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The role of federations in club-player disputes: by Wil van Megen, Director of FIFPro Legal Department.


In the employment relationship between a football club and a professional player it is common practice to have a disciplinary regime that includes sanctions if internal club rules are violated. The nature of possible sanctions can include, a warning, a financial sanction, suspension with or without pay and dismissal

In a substantial number of cases we observe that sanctions handed down by clubs are transferred to the national football federation so that they are extended to cover all professional football in the same country.

(See case study below involving FC Metalurg.)

Should the sanction be transferred?

It is normal procedure in a number of countries for a club to ask the federation to take over a suspension. This can happen even if no regulation of the federation has been violated.

However, there is no justification for the involvement of the federation because -- as with a regular employment dispute outside football -- the conduct that needs to be disciplined is related to the employment relationship.

The moment the federation gets involved the nature of the sanction changes. It is no longer a matter specific to the employer and the employee.

Legal objections

This is a one-way system: If a club infringes the contractual obligations there is no possibility for the player to ask the federation to sanction the club.

Employment law should by nature protect employees. However, under this one-way system, it is clear that the club’s position is stronger because it can involve the federation in the enforcement of a sanction.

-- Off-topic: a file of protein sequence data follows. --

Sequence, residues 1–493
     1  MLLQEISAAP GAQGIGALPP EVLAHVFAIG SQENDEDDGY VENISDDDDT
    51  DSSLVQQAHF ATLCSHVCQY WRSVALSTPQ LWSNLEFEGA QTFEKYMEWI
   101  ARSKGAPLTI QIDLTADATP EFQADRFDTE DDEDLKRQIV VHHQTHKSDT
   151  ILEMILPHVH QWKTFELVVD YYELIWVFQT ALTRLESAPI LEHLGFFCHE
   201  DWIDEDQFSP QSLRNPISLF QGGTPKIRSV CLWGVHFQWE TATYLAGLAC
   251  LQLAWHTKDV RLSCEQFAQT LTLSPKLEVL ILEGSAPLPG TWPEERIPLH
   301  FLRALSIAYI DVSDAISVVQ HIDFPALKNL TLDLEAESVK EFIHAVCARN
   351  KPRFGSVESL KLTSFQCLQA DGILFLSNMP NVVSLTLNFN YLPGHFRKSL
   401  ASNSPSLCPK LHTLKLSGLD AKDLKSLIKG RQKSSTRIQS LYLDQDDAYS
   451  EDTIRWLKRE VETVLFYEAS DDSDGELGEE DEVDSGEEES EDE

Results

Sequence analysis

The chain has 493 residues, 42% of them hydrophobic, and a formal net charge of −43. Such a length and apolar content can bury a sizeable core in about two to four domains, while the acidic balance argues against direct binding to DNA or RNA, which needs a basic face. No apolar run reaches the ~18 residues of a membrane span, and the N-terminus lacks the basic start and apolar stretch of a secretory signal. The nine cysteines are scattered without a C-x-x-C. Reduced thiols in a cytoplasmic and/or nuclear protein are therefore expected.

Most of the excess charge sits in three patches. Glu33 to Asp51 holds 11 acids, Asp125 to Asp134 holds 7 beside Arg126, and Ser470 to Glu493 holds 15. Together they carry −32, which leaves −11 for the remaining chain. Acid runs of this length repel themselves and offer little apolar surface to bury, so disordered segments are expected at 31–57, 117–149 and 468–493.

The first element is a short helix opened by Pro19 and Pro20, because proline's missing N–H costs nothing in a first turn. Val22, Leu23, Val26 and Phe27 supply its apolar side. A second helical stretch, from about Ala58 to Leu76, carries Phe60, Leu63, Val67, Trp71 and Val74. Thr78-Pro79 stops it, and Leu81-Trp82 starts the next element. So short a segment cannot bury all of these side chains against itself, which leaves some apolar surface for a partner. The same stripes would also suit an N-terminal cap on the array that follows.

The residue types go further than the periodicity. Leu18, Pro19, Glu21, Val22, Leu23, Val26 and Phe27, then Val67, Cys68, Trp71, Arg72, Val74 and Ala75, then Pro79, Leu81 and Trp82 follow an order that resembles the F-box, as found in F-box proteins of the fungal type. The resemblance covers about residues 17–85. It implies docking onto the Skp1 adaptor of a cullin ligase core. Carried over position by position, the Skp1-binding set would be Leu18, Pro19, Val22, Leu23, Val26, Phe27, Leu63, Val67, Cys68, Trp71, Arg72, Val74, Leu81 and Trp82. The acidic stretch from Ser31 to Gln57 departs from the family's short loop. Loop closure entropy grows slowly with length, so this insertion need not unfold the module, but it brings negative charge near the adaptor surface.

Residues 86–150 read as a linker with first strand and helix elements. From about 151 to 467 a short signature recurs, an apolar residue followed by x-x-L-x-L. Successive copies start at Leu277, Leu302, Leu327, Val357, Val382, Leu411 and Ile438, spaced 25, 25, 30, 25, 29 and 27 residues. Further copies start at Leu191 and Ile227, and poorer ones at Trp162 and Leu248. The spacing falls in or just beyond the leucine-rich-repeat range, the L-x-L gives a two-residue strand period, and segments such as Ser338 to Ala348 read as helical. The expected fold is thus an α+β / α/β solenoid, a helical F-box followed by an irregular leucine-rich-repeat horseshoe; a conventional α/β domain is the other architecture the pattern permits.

If a federation follows its duty to take equal care of the interests of clubs and players -- and follow good governance -- it should not benefit clubs over players.


There is no reason for a federation to apply sanctions that are not part of their domain. This infringes the principles of employment law and is out of line with good governance.

A football federation should be responsible for the well-being of all stakeholders in professional football rather than acting as an interest group for clubs. 

Case Study    

Metalurg Skopje grijsFC Metalurg, a team from the Former Yugoslav Republic of Macedonia (FYROM), last year sanctioned seven players with 6-month bans for going on strike. The players refused to play because they had not been paid for four months.

The national football federation of FYROM subsequently approved their requests to have their contracts terminated. However, a couple of weeks later, the same federation adopted FC Metalurg’s ban for the seven players.

The players were therefore prevented from continuing their careers in FYROM until the suspension was over.


 Wil van Megen is head of FIFPro's legal department.


(Main photo credit: PicsUnited)